I remember it like it was yesterday. Jeremy, my cofounder for PubLoft, and I were at a happy hour hosted by the LAUNCH team in SF. The date was October 9th, 2018, my birthday! This event was the kickoff for LAUNCH Scale, a conference put on by Jason Calacanis. The venue was so packed, that it was hard NOT to meet someone new, even if you weren’t trying to. There were founders, investors, press, sponsors of the conference and more. One would think that this is a great place to be, a crowded bar in SF with tons of other founders. It’s all about networking, right?
If this is the case, why was I urging Jeremy that we should leave after 45 minutes or so? Why would I want to leave an event, prime for meeting new people, so quickly? The answer was, it’s because there was another event I wanted to go to that was within walking distance away. One could classify this as an “insiders event, but the host graciously Tweeted about it a month earlier, and I luckily saw the invite and RSVPd for two. The event was a book launch for Scott Belsky, who is the founder of Behance and Chief Product Officer at Adobe.
Jeremy didn’t understand why I wanted to leave, but I had a gut feeling that the magic of SF was taking place in the room a few blocks away, not the one we were in. So, eventually we leave, and we walk on over to this event. We walk for a while, following the map, and we finally come across an unassuming location.
There was an entry door, and then a long walkway before we got to the entrance of the building. Below is a picture of the walkway, as this was the actual location of the event.
As we approached the entrance, we didn’t really know what we were getting into, but we were ready for whatever awaited us on the other side of the front door. We walk in. The first two people I recognize were Hunter Walk and Satya Patel, GPs and founders of Homebrew. I mentally thought to myself, “so this is THAT kind of event”. This is where the magic happens.I go up to Hunter Walk and I act like I have no idea who he is, trying to play it cool. I probably came off like a fan girl, but that’s okay. I don’t regret it.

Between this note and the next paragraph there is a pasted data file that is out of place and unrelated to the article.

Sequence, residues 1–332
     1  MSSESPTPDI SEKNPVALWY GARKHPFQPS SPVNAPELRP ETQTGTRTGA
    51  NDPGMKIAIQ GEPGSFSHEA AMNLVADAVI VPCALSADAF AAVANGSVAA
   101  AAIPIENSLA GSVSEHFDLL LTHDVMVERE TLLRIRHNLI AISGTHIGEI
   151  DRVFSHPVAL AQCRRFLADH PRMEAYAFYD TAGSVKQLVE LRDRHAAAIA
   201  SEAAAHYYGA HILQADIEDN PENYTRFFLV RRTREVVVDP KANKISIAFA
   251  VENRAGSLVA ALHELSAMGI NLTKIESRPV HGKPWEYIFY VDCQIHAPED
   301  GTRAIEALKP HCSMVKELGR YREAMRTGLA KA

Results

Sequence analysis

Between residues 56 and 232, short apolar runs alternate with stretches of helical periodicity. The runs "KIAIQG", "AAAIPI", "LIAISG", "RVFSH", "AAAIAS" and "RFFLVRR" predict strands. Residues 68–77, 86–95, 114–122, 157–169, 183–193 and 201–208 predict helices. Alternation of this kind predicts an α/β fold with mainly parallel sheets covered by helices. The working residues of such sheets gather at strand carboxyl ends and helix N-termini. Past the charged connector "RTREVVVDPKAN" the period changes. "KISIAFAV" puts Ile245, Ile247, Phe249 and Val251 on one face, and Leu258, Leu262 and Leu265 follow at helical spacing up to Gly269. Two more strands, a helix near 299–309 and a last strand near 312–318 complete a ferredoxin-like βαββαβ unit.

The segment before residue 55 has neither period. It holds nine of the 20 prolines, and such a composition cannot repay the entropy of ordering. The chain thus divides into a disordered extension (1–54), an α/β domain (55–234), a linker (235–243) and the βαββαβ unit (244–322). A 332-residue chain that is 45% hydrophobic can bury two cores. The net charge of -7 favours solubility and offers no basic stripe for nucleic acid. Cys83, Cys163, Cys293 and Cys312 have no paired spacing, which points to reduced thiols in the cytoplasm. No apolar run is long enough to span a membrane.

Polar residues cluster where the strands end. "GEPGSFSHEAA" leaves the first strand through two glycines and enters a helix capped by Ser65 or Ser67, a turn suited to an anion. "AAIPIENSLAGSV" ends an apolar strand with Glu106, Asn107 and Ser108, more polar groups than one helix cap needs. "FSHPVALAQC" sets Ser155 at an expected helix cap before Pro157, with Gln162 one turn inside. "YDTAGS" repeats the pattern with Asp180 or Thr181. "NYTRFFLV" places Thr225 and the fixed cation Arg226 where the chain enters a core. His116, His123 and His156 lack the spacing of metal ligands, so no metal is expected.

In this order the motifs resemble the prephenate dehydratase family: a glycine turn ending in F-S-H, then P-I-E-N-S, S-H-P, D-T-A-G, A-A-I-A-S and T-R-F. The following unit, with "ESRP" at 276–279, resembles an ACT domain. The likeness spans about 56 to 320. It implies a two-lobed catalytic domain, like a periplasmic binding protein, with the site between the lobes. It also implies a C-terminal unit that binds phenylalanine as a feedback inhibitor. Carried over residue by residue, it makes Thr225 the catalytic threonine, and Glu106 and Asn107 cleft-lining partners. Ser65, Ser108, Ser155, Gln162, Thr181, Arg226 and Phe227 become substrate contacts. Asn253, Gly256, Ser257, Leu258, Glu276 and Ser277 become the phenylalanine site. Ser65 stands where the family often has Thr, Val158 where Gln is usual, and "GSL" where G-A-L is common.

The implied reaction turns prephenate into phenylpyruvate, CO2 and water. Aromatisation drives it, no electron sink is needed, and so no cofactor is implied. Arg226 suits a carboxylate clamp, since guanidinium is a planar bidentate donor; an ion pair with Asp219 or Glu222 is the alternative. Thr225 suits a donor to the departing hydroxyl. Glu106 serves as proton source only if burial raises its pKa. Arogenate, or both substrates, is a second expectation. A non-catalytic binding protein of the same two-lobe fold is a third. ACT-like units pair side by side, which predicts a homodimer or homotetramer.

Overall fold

Other people in that room I remember were Moshe Lifschitz, Micah Rosenbloom, and Scott Belsky in the flesh. Aside from these extremely successful legends whom I only have interacted with on Twitter, I actually think the most interesting conversations came from people I have never heard of before. Engineer at at X, founder at Y startup, lawyer for Z startups, etc. Everyone in that room had something to say, and everyone in that room was interested in what other people had to say. Towards the end of the event, I had maybe a 20 minute conversation with Micah, and Jeremy talked to Scott Belsky about design for a while too. To tie the ribbon on one helluva night, we had some desert with newfound friends, celebrating my big 25th birthday.
This is the type of thing that can only happen in SF. And it was by pure luck that we were already planning on being in SF when this event occurred. It was funny how in one night, we could be at an event sponsored by Jason Calacanis’s LAUNCH fund, and just an hour later can be rubbing shoulders with some of the brightest minds in technology. I framed it that way purposely, by the way. In SF, there is always optionality. There is always multiple things going on, at least before COVID. This isn’t the case in many other ecosystems.
I am thankful for this night, because it taught me the power of luck and serendipity. The fact that:
I saw that tweet from Founder Collective, which got very little visibility, and RSVPd in time.
The event was going to take place at a time we were already planning on being in SF
They actually let us in, which I thought there might be a chance that it could be “oversubscribed”
This was not a skill. This was not persistence. This was luck. Thank you to Founder Collective and Scott Belsky for showing me the power of luck & serendipity, from an outsider that got to sit at the castles table for a moment and drink their sweet wine. This is a birthday I will never forget.